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The requirements of pleadings in election petitions are primarily provided in Paragraph 4 of the 1st Schedule to the Electoral Act, 2022. Specifically, Paragraph 4(1)(d) mandates that “an election petition shall state clearly the facts of the election petition and the ground or grounds on which the petition is based and the reliefs sought by the Petitioner.” Subparagraph (2) of the same paragraph further provides that “the election petition shall be divided into paragraphs each of which shall be confined to a distinct issue or major facts of the election petition, and every paragraph shall be numbered consecutively.” In addition to the provision of Paragraph 4 of the 1st Schedule to the Electoral Act, Paragraph 54 of the same Schedule to the Act has made applicable to Election Petitions the Rules of Civil Procedure in the Federal High Court of 2019, subject to such modifications as would bring same in conformity with the provisions of the Act. By Order 13 Rule 4 of the Federal High Court (Civil Procedure) Rules, 2019, every party to an election petition shall ensure that averments in their pleadings “contain in a summary form the material facts on which the party pleading relies for his claim or defence, as the case may be, but not the evidence by which they are to be proved, and shall, when necessary, be divided into paragraphs, and numbered consecutively.” By subparagraph (4) of that Rule, such facts contained in the pleading must “be alleged positively, precisely and distinctly, and as briefly as is consistent with a clear statement.” The aforementioned provisions contained in the 1st Schedule to the Electoral Act, 2022, as well as the Federal High Court Rules, 2019 state the mandatory requirements of pleadings in election petitions.

— H.S. Tsammani, JCA. Peter Obi & Anor. v INEC & Ors. (2023) – CA/PEPC/03/2023

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The principle of pleadings has time and again been explained in law books and decided cases in this country that I shall be on the superfluous side to cite them. But suffice to restate that pleadings are meant primarily to let parties know each other’s case. They can even settle issues so as to save the Court’s time, by agreeing on those facts not in contest and leaving the Court to decide from received evidence based on those facts in pleadings contested, the justice of the case. Therefore all matters not denied in the pleadings whether raised in the statement of claim or statement of defence are taken as admitted. Facts emerging from any pleading, raising new matters and throwing new light on the adversary’s averment must be denied. If not denied, they are taken as admitted because there is no element of surprise or embarrassment. There are those occasions when Court suo motu can amend pleadings so as to bring the issues being fought by the parties into proper focus, but this is possible only when such amendment will not raise new issue or give the dispute of the parties entirely new colouration. The Judge who will suo motu amend of course must invite the parties to address him. Amusa Yesufu Oba v. Hunmuani Ajoke (see Olisa Chukura’s Privy Council judgments 1841-1943) at page 1018; Ambrosini v. Tinko (1929) IX N.L.R.8.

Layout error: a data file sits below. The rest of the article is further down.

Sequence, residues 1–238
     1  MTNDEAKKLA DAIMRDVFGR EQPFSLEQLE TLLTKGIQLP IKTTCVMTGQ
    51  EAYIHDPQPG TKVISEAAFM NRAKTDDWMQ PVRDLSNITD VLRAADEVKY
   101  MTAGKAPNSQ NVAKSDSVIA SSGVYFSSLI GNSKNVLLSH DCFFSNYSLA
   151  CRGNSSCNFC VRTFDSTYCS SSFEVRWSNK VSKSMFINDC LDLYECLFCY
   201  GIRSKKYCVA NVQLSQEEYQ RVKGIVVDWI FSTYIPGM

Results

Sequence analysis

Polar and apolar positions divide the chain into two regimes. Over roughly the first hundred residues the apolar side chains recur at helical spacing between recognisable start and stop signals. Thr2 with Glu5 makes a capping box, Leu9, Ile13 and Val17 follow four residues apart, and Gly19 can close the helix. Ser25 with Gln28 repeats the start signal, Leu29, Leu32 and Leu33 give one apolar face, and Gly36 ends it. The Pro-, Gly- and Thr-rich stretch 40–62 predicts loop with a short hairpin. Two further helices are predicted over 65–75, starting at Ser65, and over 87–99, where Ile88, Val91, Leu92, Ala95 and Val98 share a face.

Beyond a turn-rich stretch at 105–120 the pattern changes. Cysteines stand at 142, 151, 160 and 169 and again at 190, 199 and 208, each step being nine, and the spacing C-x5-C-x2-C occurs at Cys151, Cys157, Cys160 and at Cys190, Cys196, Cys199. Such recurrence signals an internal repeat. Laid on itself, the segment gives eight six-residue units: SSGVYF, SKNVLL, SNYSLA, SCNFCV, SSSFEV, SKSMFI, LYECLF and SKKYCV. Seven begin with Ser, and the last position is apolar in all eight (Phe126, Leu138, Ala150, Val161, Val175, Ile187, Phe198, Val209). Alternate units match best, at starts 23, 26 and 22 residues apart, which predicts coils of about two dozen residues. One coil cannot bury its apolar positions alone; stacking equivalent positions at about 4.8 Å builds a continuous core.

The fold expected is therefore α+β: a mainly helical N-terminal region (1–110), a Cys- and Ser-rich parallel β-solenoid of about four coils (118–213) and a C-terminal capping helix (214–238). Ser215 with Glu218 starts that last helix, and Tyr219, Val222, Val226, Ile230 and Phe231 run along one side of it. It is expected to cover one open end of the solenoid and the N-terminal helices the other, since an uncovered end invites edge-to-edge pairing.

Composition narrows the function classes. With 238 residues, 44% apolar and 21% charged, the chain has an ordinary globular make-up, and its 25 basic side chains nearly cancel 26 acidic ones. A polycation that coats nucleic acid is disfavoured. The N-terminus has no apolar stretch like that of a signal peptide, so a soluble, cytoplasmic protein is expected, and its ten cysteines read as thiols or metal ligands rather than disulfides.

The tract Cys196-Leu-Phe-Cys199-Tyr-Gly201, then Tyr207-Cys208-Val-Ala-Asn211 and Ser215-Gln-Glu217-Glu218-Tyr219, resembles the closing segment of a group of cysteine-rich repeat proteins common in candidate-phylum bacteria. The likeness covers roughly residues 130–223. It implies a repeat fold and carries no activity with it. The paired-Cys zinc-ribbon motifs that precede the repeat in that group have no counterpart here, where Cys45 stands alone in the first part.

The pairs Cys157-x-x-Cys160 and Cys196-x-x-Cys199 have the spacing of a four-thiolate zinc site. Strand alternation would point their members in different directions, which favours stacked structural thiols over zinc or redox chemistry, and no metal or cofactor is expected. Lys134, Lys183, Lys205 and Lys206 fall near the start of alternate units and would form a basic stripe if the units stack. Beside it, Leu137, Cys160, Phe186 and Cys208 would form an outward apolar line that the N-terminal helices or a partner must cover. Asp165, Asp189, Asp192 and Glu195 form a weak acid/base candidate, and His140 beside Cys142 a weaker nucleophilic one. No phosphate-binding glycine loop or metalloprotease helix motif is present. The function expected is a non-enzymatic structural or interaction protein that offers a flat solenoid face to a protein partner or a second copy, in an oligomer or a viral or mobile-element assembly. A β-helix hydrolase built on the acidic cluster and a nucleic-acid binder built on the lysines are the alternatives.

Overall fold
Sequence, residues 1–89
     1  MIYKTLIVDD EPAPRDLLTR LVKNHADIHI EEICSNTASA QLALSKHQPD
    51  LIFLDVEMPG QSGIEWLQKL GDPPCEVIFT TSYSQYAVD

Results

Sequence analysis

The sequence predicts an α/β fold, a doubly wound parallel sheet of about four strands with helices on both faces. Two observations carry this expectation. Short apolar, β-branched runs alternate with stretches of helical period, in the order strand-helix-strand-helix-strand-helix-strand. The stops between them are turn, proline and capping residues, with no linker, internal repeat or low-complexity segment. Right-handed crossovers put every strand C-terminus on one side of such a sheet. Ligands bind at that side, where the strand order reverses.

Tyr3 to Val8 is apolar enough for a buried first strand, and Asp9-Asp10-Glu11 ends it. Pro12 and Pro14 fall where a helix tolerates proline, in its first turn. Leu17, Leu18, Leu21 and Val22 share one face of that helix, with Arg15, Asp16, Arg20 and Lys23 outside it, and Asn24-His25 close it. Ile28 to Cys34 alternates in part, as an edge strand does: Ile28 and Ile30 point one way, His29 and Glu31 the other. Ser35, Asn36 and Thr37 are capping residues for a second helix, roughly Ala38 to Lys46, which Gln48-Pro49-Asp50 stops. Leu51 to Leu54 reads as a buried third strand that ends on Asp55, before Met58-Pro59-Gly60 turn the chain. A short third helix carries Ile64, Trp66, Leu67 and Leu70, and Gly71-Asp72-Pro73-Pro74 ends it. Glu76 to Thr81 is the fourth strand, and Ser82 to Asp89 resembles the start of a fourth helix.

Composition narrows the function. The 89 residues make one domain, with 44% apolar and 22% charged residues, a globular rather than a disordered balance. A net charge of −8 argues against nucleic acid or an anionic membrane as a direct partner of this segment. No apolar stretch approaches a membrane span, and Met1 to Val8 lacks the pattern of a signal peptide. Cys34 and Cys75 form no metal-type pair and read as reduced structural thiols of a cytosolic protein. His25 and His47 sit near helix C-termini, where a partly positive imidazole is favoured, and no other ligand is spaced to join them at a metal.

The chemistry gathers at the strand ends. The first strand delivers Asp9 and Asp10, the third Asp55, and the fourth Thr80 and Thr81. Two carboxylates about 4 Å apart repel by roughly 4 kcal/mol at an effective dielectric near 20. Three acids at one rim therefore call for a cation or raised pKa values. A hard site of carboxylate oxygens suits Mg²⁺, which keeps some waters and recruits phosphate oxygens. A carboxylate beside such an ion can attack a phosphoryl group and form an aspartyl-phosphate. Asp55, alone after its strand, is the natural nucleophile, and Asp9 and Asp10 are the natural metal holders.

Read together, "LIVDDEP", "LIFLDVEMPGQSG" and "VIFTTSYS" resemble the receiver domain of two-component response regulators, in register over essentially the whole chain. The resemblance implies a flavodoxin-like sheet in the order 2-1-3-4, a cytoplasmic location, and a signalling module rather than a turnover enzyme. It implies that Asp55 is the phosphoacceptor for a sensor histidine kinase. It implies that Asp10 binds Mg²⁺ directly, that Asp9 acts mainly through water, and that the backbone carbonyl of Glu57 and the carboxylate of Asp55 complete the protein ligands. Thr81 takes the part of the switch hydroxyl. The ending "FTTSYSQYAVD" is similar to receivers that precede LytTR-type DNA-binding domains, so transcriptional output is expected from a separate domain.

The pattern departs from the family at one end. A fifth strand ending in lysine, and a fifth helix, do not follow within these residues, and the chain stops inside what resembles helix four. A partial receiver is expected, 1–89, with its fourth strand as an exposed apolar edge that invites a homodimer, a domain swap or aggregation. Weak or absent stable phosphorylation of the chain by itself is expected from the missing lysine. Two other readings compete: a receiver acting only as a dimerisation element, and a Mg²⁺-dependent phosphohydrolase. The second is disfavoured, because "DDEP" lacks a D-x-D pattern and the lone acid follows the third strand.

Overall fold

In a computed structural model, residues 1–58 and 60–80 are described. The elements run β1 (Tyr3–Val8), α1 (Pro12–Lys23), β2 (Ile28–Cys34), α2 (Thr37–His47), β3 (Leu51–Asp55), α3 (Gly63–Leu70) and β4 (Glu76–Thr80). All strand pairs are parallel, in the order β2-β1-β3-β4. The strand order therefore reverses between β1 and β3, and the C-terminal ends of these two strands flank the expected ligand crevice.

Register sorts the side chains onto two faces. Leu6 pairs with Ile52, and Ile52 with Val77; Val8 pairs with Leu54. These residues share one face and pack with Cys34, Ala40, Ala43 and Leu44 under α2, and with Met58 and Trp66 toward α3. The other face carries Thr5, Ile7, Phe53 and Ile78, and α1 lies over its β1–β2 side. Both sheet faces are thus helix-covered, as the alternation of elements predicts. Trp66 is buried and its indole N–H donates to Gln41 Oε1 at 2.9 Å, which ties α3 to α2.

— Belgore, JSC. Ogunleye v Oni (1990) – S.C. 193/1987

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With due deference to learned counsel for the appellants, the aim of amending pleadings in general is to enable the court to decide the rights of the parties, and not to punish them for mistakes made in the conduct of their cases by deciding otherwise than in accordance with their rights. The age of technicalities is now history. Substantial justice is the order of the day. So it is either you get moving on the train of justice or you get left behind, with the necklace of technicalities wrapped around your neck to keep you warm company or, on the other hand, to choke you.

– SANKEY, J.C.A, Awure v. Iledu (2007)